>school students is "a rigorous college
>preparatory curriculum." What could be wrong with that?
>Two very simple and basic things are wrong with
>that. Current "college preparatory" curricula,
>including AP courses, do not include the reading
>of complete nonfiction books or the writing of serious research papers.
>That is almost as if we had a crisis in
>preparing high school football players for
>success in college and recommended a standard
>preparation program which did not give them
>practice in running, blocking and tackling. ACT
>found last spring that 49 percent of the high
>school students it tested could not read at the
>level of college freshman texts. And the
>Chronicle of Higher Education reported on a
>survey in which 90 percent of college professors
>thought high school students were not well
>prepared in reading, writing and doing research.
>A true college education requires reading
>serious books and writing substantial papers
>although many schools have watered their
>requirements down. High school students should be ready for in-depth study.
>If high school football players haven't done
>much blocking or tackling in high school, no one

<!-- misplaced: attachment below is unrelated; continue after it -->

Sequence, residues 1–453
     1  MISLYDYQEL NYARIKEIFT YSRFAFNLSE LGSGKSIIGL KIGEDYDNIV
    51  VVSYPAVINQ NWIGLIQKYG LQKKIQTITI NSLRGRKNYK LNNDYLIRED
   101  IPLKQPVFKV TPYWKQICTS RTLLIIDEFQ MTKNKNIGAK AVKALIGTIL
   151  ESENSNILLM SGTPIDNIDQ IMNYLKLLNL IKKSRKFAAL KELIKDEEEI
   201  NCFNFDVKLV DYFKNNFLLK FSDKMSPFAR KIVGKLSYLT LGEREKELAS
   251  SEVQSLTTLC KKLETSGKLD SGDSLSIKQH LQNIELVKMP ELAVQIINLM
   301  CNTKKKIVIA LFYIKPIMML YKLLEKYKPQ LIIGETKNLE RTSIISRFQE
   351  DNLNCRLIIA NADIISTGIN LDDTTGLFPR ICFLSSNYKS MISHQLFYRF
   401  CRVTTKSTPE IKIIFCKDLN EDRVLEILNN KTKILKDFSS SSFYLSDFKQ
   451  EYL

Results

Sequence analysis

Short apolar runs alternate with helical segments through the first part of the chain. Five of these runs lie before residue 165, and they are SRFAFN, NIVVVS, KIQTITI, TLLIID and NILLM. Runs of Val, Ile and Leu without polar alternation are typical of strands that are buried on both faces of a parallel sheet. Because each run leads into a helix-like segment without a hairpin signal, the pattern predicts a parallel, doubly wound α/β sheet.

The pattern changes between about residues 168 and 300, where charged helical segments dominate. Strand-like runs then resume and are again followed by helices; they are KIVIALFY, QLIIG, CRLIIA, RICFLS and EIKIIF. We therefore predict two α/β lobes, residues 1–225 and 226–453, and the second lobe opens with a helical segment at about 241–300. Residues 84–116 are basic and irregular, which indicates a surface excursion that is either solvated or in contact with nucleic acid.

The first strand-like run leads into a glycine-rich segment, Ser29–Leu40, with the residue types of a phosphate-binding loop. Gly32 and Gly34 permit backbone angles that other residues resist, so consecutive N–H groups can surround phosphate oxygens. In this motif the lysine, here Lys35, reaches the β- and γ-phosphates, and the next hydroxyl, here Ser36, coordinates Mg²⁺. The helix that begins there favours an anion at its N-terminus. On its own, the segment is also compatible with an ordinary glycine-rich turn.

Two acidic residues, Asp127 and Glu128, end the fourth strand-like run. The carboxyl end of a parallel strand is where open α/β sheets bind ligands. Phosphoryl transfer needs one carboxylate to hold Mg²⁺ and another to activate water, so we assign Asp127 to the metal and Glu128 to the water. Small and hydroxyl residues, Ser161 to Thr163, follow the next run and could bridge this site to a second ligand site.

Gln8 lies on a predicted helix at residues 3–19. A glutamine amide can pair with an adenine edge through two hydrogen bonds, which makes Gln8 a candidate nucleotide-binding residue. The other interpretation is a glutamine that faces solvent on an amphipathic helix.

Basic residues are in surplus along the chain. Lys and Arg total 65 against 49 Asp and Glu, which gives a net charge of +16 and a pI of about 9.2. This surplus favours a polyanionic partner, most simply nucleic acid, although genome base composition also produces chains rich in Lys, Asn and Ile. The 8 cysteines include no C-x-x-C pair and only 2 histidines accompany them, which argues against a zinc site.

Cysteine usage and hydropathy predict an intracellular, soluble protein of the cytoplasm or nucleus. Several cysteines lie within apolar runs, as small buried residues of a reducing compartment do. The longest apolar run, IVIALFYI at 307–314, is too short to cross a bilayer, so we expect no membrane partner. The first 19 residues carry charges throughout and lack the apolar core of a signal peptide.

>would expect them to play well in college, but
>somehow we expect high school students in a
>college preparatory program which includes no
>nonfiction books and no real research papers to
>do well with college reading lists and with college term paper assignments.
>In my state, Massachusetts, 34 percent of the
>students who go to state four-year colleges are
>in remedial classes, according to The Boston
>Globe. Those students had the expectations,
>support, access and aspiration for the college
>dream, but when they got there, they were not ready to do the work.
>The Gates report says that "the high school
>environment needs to provide students with high
>expectations and strong teaching..." but without
>any real focus on students' independent academic
>reading and writing, that environment doesn't do
>the job of preparing students for college work.